Stephen Scouten: Hey, everyone. Thanks for taking my question there. I just wanted to follow up on the comment around new loan yields potentially moving up to that 8.50, 8.60 range. Do you think those incremental costs of deposits can kind of stay in that range you were speaking to, and thus we could see some widened spreads on incremental production? Thanks.

James Mabry: Good morning. This is Jim. So, yes. Again, nice improvements in new and renewed yields, and the 8.60 [ph] did include RBC, ex-RBC. It was around 8.30 [ph] for the month of March as a snapshot. I would like to be optimistic and think that those spreads could stay where they are or potentially widen, but I think the reality is we're still just a tough deposit market. I take what we're seeing on the loan yield side and feel good about that, and I really like those trends, but I'm cautious in banking in too much that will go to the bottom line, Stephen, and that's why I think overall margin, I think our best outlook here with a no rate cut environment is for a pretty stable margin, at least near term.

Stephen Scouten: Okay. That's helpful, Jim. And then just maybe one other question for me if I could. I mean your loan loss reserve, I mean 1.61 [ph] relative to peers, is a fair bit higher, and credit quality looks stable, only 1 basis point in a net charge last year in the quarter. I mean how do you think about that reserve moving forward? I mean is it really mathematical based on kind of economic scenarios and kind of how you weight those things, or is there any kind of visibility you could give us into how that percentage might change moving forward?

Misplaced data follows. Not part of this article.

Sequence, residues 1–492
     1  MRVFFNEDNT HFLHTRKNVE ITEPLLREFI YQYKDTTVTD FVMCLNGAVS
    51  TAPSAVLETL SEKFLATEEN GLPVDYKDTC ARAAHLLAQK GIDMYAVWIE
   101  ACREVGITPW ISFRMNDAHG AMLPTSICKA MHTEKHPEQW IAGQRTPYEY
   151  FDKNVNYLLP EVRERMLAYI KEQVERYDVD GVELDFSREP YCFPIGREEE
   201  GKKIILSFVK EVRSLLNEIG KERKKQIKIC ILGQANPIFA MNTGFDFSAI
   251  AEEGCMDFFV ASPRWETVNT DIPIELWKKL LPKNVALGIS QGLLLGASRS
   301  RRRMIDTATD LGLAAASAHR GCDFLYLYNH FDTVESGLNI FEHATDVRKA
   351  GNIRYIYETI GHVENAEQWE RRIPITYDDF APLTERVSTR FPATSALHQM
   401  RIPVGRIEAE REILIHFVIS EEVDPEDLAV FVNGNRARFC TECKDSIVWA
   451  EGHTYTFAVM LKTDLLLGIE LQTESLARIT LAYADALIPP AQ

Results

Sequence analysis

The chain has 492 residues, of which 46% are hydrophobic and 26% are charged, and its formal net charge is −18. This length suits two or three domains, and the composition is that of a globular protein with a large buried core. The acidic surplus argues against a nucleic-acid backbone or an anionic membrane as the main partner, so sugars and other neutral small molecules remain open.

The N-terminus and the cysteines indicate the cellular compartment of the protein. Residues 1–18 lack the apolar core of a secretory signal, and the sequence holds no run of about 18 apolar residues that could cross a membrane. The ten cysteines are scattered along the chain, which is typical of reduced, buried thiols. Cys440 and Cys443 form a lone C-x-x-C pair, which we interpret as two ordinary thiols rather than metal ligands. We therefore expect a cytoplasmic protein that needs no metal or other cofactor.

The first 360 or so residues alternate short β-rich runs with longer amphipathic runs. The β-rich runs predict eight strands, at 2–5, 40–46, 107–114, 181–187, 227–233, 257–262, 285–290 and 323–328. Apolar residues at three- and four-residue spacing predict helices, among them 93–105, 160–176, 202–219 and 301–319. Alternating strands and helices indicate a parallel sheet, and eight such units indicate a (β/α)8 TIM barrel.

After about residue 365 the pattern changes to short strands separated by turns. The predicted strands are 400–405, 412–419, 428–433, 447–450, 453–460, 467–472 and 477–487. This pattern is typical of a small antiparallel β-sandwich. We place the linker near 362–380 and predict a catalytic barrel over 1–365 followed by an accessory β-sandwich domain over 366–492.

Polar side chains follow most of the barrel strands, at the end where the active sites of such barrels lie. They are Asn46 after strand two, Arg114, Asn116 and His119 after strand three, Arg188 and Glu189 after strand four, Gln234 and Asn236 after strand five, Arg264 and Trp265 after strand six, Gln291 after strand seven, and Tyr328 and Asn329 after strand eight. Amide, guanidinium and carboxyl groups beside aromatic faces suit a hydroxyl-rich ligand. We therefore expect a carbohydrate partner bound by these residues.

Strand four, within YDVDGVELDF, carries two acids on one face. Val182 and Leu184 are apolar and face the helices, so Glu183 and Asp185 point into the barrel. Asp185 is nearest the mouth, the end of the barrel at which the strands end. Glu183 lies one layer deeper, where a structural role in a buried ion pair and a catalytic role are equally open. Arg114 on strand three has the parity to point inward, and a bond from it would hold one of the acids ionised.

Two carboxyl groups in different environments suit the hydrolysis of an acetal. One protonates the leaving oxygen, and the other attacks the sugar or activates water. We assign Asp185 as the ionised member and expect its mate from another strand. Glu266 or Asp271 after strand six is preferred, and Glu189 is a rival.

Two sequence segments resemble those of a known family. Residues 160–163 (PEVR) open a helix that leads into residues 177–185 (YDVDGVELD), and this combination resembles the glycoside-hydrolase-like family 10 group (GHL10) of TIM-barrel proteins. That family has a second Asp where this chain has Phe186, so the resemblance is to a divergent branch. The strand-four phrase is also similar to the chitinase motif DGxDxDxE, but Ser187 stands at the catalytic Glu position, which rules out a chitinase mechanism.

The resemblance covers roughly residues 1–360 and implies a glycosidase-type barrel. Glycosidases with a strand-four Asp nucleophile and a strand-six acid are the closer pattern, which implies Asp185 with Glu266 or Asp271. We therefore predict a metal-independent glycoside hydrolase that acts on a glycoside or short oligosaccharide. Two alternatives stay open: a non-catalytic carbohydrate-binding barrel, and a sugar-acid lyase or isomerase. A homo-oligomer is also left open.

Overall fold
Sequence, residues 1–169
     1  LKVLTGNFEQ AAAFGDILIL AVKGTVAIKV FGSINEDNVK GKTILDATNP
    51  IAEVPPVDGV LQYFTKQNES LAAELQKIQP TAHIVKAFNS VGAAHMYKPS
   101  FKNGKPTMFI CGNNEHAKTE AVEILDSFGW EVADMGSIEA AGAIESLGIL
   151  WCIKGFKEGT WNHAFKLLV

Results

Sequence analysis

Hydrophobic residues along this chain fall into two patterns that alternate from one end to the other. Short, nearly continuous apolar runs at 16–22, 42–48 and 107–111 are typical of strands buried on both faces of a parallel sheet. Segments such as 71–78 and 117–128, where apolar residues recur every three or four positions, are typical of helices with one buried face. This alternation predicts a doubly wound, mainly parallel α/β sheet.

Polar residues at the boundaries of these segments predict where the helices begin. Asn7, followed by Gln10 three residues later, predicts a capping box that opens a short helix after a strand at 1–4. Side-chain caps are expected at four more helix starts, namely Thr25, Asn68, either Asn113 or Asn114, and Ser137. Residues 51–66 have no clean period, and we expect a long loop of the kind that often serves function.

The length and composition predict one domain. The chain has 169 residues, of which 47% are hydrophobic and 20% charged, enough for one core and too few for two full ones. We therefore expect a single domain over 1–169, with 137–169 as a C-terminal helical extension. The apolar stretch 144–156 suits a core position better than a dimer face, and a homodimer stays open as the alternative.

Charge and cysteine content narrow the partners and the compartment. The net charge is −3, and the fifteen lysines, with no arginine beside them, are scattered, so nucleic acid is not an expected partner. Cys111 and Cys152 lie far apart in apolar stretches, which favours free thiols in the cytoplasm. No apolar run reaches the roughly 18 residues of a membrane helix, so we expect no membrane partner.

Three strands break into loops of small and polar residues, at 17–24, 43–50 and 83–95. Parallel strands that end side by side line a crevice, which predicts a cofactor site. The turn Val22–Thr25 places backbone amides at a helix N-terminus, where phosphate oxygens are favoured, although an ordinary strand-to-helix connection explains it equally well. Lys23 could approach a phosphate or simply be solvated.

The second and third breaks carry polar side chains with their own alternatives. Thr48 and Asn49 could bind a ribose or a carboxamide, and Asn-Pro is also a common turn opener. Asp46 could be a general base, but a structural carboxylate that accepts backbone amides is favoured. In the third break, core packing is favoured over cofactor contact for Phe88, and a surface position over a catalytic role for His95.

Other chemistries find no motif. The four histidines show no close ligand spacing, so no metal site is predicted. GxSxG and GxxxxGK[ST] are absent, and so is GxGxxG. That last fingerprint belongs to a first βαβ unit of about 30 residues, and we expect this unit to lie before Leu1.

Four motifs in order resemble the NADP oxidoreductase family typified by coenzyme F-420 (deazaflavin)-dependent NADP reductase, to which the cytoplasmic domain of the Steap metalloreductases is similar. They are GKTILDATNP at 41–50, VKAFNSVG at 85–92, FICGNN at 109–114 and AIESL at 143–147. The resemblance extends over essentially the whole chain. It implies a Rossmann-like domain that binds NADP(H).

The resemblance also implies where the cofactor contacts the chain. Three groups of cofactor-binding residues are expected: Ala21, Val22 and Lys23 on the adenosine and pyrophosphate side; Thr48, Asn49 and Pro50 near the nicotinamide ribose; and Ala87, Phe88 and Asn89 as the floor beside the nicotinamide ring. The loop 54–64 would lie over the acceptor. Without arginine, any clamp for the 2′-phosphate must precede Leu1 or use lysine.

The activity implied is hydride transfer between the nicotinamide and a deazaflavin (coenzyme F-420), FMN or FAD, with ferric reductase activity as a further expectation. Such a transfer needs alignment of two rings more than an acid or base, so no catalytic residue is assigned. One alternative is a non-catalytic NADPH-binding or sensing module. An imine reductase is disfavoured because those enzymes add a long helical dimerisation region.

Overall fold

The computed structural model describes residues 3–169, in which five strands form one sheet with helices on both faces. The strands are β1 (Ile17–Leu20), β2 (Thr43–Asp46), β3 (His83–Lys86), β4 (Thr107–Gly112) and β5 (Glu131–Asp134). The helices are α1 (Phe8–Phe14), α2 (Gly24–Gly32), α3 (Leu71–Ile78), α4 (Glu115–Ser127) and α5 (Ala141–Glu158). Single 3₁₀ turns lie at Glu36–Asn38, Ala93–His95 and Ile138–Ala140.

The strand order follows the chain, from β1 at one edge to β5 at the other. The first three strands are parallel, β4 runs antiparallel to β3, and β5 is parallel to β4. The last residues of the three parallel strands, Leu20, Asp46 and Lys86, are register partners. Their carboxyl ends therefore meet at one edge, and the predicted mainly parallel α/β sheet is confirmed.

David Meredith: Hi, Stephen. Good morning. This is David. And so to answer the second part of your question, it is mathematical and it takes into account different economic factors. In this quarter there was some movement in that number. Also, we had loan growth. We had a fund for loan growth as well as we talked about earlier. We had some negative credit migration in a category that we had to allocate for. So that number is mathematical. We have kept that number up where it is based on the economic forecast while we continue to believe there's an economic event that we're going through. And so some of those economic variables within our two factors are a little bit on the more elevated side. Just as we work through it, as we continue to see things settle out in the near future, I think if we forecast the past we would expect to see that number migrate down. But it would just be looking for the changes in those economic factors to drive a change in our ratios.